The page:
Time Out says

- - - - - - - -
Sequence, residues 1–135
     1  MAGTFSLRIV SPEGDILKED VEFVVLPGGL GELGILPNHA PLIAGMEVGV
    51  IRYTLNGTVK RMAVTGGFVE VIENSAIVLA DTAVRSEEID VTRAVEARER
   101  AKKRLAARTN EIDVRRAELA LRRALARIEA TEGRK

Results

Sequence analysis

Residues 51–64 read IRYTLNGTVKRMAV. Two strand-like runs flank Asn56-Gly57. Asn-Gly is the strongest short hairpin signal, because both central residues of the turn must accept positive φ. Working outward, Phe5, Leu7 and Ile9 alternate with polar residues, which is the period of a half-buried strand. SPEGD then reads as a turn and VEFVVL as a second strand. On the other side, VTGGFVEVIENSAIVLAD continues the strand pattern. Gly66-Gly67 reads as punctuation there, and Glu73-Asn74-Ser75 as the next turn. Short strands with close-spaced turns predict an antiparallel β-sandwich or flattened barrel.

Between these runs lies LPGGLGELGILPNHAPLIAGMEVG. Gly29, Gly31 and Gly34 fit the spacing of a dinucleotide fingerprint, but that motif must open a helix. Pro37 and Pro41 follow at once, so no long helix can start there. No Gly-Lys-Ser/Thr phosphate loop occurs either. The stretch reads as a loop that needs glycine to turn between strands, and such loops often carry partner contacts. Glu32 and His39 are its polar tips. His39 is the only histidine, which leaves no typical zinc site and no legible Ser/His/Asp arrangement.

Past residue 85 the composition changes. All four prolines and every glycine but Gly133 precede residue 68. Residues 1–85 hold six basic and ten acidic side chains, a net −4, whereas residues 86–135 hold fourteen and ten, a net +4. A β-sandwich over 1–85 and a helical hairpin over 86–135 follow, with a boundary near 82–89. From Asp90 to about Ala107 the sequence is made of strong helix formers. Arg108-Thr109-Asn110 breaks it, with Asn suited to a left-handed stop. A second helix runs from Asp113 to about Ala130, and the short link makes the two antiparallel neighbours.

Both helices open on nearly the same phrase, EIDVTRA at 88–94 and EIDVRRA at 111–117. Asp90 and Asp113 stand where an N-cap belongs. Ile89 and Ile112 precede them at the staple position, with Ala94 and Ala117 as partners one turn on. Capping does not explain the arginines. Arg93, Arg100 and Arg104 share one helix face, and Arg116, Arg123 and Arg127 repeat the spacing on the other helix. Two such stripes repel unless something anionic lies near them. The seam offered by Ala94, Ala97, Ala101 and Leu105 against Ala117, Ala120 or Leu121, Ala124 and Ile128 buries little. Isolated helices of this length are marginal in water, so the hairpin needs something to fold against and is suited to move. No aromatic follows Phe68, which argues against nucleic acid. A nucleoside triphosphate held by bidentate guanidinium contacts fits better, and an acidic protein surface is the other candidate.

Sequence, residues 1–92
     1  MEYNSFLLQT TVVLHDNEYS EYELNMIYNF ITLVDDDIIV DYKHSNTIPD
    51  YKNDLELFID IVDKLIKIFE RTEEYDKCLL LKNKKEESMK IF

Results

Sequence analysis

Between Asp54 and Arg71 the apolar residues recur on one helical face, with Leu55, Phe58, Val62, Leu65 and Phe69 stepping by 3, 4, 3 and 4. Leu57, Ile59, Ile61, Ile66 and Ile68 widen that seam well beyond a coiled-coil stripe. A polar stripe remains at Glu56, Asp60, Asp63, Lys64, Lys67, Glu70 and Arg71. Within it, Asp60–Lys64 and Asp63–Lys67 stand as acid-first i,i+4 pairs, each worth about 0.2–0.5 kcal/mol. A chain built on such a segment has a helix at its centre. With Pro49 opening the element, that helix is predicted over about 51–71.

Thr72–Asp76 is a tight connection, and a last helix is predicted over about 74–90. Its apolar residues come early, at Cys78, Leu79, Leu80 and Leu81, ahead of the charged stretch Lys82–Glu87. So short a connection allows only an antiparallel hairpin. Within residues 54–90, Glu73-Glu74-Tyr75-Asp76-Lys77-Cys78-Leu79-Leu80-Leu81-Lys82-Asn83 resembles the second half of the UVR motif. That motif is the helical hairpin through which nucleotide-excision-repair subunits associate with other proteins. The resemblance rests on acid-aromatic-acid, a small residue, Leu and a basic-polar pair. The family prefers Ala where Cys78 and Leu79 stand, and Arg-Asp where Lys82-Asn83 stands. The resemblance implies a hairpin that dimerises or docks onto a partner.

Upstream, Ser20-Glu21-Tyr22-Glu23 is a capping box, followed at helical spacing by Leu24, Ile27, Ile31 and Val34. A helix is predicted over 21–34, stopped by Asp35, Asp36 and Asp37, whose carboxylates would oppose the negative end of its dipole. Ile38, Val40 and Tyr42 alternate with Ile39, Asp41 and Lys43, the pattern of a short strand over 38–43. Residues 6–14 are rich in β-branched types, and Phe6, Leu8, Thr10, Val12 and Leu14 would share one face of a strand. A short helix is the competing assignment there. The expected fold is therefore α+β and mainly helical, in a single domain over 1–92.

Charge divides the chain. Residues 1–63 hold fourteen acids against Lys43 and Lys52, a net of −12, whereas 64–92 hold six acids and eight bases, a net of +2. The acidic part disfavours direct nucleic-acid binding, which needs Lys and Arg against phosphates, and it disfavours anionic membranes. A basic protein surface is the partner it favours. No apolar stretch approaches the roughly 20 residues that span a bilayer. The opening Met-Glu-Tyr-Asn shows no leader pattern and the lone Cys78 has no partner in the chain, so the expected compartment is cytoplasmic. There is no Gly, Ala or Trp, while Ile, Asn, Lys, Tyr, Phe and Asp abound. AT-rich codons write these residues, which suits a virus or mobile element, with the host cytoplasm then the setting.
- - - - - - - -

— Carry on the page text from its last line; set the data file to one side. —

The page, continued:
This visually sharp, sporadically successful mix of ghost-story and psycho-thriller lunges from set-piece to set-piece with scant regard for logic, characterisation or narrative structure: flashbacks and dreams abound, threatening to swamp the film. So eager is Ahn to shock us every 60 seconds or so, he forgets suspense works best when tension’s wound up slowly. If the film made more sense, it might be interesting to examine its articulation of anxieties about parenthood, infidelity and sexuality in the the young, and how they may be affected by the new lines of communication opened up by mobiles. But as it only scratches the surface of these themes in the hope of something scary arising, one’s left wondering whether the kid playing Yeong-Ju might really be possessed (she certainly looks as if she is), why Ji-Won moves to an isolated house, and why she doesn’t just dump her bloody phone. Then again, she’s a journo with plans to write a novel, so irrationality’s probably inevitable.